Jesus; God or Man?
If I'd been in Peter's situation, chances are that I'd have denied Jesus, too. Peter just couldn't understand what was happening. And who could blame him! If Jesus were the Son of God, Peter must have wondered, why didn't he stop the abuse and mockery he was witnessing in the high priest's courtyard? How could someone who was supposed to be divine put up with that? Maybe it's just some tragic mistake, Peter may have thought. Perhaps, after all, Jesus is another sincere but misguided charismatic leader who has overwhelmed his followers with rousing words and visions and thoughts of invincibility. And if that's the case, I'd better save my own skin while I can. "No," Peter insisted to the courtyard bystanders, "I don't know him."
Later that day, Peter watched Jesus, now brutally beaten, nailed to a cross, then jerked upright in the sun to hang, and gasp for air, and finally die. If Jesus were the Son of God, how could he die like that?
Peter was just as troubled the following Sunday when he ran to Jesus' tomb to find the body missing. The women told of angels' words that he had risen, but with his own eyes Peter had seen Jesus die. If he were a man - and he certainly died like a man - how could he return from death? Someone must have taken the body. Must have!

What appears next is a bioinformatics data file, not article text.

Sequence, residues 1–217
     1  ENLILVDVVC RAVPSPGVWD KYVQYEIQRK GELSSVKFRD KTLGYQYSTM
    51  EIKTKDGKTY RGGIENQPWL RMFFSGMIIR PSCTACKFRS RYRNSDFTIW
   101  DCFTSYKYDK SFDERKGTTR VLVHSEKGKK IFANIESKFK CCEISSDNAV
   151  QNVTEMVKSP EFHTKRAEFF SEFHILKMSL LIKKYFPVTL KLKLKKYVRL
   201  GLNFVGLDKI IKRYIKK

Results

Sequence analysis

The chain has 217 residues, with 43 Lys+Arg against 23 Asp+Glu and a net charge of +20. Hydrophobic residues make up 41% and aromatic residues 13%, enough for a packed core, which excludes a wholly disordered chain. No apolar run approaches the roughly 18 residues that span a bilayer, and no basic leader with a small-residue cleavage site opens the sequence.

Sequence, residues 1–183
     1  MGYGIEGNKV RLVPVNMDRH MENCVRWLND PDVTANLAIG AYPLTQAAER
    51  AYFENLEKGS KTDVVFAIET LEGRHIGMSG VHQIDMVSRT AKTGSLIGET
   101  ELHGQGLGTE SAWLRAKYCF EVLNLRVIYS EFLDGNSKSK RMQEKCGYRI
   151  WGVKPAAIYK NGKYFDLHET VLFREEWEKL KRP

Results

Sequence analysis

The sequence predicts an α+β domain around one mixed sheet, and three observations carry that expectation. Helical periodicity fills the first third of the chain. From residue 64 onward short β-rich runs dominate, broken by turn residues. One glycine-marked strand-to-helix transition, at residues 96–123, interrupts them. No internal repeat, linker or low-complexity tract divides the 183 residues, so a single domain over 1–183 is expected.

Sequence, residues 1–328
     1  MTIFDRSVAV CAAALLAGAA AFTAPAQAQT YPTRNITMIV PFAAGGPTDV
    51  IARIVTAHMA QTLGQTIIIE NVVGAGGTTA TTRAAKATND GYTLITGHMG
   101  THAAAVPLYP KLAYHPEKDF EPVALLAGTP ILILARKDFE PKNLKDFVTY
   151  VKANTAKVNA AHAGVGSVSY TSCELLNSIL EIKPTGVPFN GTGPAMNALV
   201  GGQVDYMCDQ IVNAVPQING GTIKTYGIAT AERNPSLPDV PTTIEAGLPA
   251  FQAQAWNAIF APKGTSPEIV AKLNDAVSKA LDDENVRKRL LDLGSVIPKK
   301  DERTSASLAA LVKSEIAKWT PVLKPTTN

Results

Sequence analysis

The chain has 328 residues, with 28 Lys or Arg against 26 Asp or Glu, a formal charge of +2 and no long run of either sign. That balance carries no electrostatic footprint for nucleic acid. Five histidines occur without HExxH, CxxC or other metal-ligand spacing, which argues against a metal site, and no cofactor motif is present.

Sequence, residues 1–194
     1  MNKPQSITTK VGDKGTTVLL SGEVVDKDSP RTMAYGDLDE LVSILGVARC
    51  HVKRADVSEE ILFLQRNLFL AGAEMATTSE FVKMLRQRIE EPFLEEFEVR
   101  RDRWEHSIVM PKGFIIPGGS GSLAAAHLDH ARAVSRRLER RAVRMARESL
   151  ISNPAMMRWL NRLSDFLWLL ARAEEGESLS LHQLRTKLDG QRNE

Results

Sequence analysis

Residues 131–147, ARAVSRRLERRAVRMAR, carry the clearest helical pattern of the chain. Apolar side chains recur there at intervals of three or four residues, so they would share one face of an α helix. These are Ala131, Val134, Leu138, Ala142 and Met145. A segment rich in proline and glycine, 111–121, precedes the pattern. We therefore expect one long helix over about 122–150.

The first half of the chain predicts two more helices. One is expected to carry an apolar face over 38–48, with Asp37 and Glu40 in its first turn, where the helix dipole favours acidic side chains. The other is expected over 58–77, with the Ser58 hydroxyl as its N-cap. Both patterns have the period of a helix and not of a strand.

It's this very question men and women have struggled with for centuries. If Jesus is God, how could he die? And if he is man, how could he rise?
The Roman soldiers guarding the tomb early that Easter morning were troubled by no such thoughts. One moment they sat mesmerized by the fire flickering in the chilly predawn hours. The next they were mesmerized a light so bright it terrified them, as the tomb's stone lurched open and the radiant Jesus walked out alive!
How can God die, and how can man live? Why, for that matter, was Jesus conceived by the Holy Spirit and born of a virgin?
Because Jesus is God's Son, sent to earth to lead us back to our Father, to die for our sins, and to rise from the dead to show us that he is the source of everlasting life. He is the God-Man.
And what is that to me?
His shameful death that Good Friday was a direct result of our sins. And his resurrection Easter morning was for us, as well. He died and lived for me. For me - and for you.
Because, despite of our denial and rejection of him, no matter whether we are good or bad, no matter what we have done in the past, he continues to love us. That's what he does. And that's why Easter is such a wonderful moment of great hope for all of us. There is a way back for all of us.
This Easter, may you, too, walk out from the tomb of all that has restricted and imprisoned you, and step put into the new, fresh, bright light of the resurrection day.
With every blessing this Eastertide, Paul
© Copyright Hatfield Church / Tim Sweed 2008